Great beginner book worth 5 stars, misleading "forgotten skills" which aren't forgotten on the topics in other books (which have more info on the topic) gets 3 stars, average 4 in my mind.
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If you're looking for a "how to" book, you might want to look somewhere else. Much of this book is the author reminiscing about his childhood, rather than how to accomplish what his grandparents did. He also repeated that growing things yourself was better, a fact that readers have probably already grasped, given that they are looking at books similar to this. All in all, I can't even finish it, it's just fluff.
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I got this book thinking it would be wonderful for helping my family and me become more self-sufficient. What it really was is things that we are mostly already doing--so that quite all that forgotten. The few things that were in the book that I was excited to read about (getting sugar from sugar beets, extending the gardening season, etc.) didn't help at all! Mostly it talked about how in his grandmother's journal they did it that way--he tried it and it didn't work--that doesn't help me! So, if you are new to chickens (which it does go into great detail about) or gardening, this would be an alright book--but I already do those things so. ..
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Format: Paperback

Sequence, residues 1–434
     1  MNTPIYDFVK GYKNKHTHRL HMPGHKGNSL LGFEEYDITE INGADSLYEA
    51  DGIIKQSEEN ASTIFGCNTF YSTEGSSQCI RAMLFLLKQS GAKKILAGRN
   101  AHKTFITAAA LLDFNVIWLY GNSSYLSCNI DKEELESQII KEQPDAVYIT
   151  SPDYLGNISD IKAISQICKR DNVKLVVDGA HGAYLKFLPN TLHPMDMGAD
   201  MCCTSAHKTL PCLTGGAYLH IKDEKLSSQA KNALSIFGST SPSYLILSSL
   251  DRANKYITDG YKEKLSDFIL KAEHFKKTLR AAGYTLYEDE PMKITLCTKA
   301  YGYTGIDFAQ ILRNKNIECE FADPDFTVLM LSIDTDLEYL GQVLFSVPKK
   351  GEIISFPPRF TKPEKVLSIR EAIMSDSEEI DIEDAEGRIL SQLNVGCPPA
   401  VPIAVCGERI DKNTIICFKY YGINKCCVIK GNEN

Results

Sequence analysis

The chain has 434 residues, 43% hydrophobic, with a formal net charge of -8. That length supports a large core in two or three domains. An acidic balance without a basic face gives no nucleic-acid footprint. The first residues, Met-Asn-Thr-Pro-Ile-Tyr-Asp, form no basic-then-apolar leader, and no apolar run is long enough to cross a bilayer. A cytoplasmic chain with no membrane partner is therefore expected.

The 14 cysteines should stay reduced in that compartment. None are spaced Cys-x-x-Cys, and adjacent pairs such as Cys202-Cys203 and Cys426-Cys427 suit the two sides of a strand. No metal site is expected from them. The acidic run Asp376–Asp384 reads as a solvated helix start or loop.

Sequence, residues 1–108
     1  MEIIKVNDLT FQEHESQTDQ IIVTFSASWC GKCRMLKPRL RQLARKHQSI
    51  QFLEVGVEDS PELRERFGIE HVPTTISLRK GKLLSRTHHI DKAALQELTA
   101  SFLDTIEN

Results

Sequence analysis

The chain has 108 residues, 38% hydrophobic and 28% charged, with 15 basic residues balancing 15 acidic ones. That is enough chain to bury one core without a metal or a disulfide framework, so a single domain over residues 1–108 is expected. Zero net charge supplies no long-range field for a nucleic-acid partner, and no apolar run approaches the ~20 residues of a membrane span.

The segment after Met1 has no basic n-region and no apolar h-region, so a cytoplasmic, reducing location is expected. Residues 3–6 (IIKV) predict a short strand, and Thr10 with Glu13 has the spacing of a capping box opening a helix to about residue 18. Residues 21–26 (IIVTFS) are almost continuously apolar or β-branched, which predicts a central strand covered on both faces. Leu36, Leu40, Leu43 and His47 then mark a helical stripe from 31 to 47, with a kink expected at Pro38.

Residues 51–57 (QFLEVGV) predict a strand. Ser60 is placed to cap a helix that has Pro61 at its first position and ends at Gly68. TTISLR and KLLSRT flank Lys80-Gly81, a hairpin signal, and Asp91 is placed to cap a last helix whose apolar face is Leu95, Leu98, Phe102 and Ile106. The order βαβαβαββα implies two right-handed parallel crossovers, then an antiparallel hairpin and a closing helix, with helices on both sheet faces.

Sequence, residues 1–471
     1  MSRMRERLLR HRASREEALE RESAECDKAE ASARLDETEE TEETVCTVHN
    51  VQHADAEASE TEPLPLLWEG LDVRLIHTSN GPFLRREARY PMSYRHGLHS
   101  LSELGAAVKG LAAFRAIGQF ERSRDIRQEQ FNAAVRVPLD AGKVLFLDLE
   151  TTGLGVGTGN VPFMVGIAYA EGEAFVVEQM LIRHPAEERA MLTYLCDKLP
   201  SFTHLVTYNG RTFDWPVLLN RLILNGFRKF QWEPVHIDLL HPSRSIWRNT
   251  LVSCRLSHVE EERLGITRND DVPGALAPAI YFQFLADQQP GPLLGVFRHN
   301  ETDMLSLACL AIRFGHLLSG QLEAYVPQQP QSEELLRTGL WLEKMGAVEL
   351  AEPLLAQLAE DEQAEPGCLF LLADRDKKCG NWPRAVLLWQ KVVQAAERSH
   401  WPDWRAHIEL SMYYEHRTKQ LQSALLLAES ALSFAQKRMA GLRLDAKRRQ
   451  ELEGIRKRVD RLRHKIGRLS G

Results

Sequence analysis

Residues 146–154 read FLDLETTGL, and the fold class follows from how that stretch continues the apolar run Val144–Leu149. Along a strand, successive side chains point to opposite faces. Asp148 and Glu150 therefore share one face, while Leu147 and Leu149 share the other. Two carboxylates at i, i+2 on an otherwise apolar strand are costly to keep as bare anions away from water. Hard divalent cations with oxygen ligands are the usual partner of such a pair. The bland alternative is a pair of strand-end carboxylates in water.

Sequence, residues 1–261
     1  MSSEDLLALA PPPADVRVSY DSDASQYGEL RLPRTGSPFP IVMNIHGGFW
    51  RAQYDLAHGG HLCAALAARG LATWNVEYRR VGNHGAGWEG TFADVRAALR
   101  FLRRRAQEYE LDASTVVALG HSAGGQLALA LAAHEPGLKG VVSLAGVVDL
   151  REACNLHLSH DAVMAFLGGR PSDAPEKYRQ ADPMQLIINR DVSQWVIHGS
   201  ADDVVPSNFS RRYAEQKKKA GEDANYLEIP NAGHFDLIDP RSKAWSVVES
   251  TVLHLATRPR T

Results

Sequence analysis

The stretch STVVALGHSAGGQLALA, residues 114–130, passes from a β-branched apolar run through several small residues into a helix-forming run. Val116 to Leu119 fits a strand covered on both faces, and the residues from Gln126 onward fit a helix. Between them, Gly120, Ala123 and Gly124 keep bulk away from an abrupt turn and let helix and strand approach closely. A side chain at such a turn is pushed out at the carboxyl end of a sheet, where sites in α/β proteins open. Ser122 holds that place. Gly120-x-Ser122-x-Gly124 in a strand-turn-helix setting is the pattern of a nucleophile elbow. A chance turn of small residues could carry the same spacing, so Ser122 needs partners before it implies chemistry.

Just two weeks ago, the residents of Utah celebrated Pioneer Day in honor of the arrival of the Mormon pioneers in the Salt Lake Valley in 1847. I appreciate the hard work and sacrifices these determined people showed throughout their lives. It seems such a shame that so much of their knowledge and work ethic has disappeared over the generations.

I was surprised to read that our ancestors harvested nearly all year long, including during the winter. I am several generations removed from my farming and pioneering ancestors, so I was unaware of several of the aspects of self-sufficiency that the author talks about.

Did you know carrots were originally yellow and purple? I didn't.

Did you know it's possible to grow and harvest salad greens in the snow? I can't wait to try growing some.

In the age of supermarkets and fast food, it would do mankind good to return to a degree of self-sufficiency. In the timeline of history, grocery stores and processed "food products" are brand new concepts. We have become so accustomed to the appearance and taste of the items lining the shelves that it makes one wonder how people lived without Doritos, Oreos, and Diet Coke.

The first half of The Forgotten Skills of Self-Sufficiency covers heirloom plants and seeds, expanding the harvest, and storing the harvest. The author shows several examples of these concepts in his own garden and root cellar. He briefly covers pioneer yeast and bread making, then moves on to how to raise and care for your own chickens for the remainder of the book.

While covering several interesting topics, this book doesn't get into a lot of specifics of how to do these things and does reference additional material.